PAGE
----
Wonderful cubes of halite from Thuringia, Germany. Kind of looks like an interpenetrating twin but I don't think it is. The largest crystal is about 6.0cm on edge.
These are hauerite crystals! The octahedron in the middle is from Raddusa, Sicily and is about 4.5cm across.
A very nice, 7.0cm wide cluster of lustrous jamesonite crystals from Mexico.
Wow! A 30mm or so matlockite crystal in-on matrix. This is an amazing specimen. I did not write the locality down for this one but i believe it is a British piece. If anyone finds out differently, please let me know?
This is a rather fantastic example of molybdenite from an old Canadian Locality, Aldfield, Pontiac Co., Quebec. The molybdenite crystal is a tapered one that is about 70mm in greatest dimension. It was probably collected 100 years ago. Recently recovered specimens are up to perhaps 20mm in greatest dimension.
An exceptional old pyrargyrite specimen from the Harz Mountains, Germany. About 12.0cm across. It was probably collected over 100 years or so abo and so has lost all trace of redness, due to light exposure.
There is something wonderful and unique about these old German rhodochrosites. This one, from Nassau, Germany is about 11.0cm across. Classic!
Rutile crystals from Brazil. The larger crystal (65mm or so across) in this image appears partially water worn.
Another Canadian specimen a long way from home. This specimen from Silver Islet was probably collected 150 years or so ago. Great to see it! About 10.0cm across.
What great crystals on this oldy from Tsumeb. The semi-acicular (very steeep scalenohedra) crystal habit on these crystals is special. It is about 20.0cm across.
Of course there are many things to do in Paris! While there, we also visited other museums, art galleries, reataurants, gardens, etc. I think I'll just HAVE to go back again, some day. In the meantime, I hope that you enjoyed this little expose?!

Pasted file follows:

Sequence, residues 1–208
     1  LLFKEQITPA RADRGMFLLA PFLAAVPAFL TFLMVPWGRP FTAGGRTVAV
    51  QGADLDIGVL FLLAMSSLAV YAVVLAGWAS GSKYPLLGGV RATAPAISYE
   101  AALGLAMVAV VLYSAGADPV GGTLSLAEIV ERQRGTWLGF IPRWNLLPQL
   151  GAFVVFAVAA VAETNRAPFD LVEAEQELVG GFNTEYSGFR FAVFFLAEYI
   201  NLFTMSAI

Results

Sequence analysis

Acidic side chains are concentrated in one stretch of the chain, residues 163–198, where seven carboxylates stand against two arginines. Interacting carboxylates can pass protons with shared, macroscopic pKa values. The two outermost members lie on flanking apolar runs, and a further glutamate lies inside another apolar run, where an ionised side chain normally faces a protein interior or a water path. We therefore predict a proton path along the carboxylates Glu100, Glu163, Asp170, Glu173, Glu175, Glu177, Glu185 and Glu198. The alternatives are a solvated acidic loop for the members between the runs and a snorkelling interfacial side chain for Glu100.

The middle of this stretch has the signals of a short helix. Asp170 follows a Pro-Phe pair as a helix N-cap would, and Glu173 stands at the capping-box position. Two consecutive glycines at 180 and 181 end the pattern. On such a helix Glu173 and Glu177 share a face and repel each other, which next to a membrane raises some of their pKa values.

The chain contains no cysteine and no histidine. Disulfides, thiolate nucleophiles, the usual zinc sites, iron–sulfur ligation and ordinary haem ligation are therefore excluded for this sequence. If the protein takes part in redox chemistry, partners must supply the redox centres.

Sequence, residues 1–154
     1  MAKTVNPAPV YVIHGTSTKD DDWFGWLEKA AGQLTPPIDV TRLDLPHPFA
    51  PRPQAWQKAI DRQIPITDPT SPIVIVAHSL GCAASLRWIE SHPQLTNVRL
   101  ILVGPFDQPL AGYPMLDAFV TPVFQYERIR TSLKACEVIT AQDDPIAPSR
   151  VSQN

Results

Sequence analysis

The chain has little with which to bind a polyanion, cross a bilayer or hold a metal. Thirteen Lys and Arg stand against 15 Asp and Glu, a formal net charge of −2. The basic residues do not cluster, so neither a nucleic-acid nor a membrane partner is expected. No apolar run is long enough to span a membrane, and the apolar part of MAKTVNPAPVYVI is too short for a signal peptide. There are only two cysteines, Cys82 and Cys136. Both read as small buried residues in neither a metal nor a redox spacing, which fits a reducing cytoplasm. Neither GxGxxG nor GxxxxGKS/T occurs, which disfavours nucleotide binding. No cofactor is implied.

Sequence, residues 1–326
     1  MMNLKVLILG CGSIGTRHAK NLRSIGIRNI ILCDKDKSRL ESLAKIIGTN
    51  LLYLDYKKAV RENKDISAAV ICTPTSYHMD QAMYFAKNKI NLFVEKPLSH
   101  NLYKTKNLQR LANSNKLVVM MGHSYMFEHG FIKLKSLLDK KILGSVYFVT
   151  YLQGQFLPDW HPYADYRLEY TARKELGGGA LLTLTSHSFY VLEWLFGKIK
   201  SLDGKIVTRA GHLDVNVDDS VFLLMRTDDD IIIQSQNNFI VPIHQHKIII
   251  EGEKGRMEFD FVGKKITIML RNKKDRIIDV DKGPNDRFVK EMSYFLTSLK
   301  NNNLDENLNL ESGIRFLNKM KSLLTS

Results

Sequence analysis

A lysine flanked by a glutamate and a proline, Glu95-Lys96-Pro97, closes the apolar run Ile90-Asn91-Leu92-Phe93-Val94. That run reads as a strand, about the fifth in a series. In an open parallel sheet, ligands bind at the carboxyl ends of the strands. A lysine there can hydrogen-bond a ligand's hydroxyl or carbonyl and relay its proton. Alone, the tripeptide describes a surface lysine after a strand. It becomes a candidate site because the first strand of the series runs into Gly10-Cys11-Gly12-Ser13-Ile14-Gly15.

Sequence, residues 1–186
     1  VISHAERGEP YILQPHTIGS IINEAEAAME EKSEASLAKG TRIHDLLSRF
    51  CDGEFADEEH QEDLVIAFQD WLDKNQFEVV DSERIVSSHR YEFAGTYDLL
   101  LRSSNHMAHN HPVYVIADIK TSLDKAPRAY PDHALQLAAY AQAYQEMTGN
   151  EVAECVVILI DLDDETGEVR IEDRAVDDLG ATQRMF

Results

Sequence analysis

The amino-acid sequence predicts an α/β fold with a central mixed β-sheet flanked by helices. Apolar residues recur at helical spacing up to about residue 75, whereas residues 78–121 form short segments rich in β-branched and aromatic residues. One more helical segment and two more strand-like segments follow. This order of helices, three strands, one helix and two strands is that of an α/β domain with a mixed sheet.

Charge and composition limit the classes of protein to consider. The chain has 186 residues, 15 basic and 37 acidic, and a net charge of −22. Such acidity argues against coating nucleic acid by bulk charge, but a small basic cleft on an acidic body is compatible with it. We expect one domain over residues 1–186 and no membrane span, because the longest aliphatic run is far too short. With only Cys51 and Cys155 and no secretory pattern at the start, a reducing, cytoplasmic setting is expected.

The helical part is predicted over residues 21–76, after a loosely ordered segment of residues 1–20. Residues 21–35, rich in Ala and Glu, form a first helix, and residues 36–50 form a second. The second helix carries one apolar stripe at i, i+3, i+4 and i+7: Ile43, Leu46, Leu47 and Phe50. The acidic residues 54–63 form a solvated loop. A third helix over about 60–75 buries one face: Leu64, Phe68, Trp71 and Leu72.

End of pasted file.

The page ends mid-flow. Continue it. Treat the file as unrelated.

These old German mochellandsbergites are really amazing! The crystal in this specimen is about 15mm across.
Well, that ends our visit to the Mineral Gallery at the Ecole des Mines. I'd love to visit again! This is the view as you descend the stairway from the Gallery.
Even the stair well is interesting! Have a look at the paneling on the way down? The bust is of French geologist Pierre-Marie Termier (1859-1930).
As you know, minerals like this are not my thing. However, I found these twinned crystals of thenardite, each about 30-35mm across to be fascinating. From the famous borax mining area in California.
This is one heck of a thorianite!! The biggest crystal, from Fort Dauphin, Madagascar is about 50mm across. I expect that it is rather radioactive!
What a display of large vivianite crystals! The big cluster is over 90.0 cm tall! The Cameroun locality was famous for these large crystals of course. I have never seen a better display of them.
Another Canadian ex-pat. This is a modest wardite specimen, from Rapi Creek, Yukon Territory, with the larger crystals at around 10mm in size.
Most of the old museums around the world seem to have some of these very large zircon crystals in feldspar from Kuehl Lake, Ontario. I recently visited the site and can tell you it is difficult to find such specimens now! This piece is about 30.0cm tall.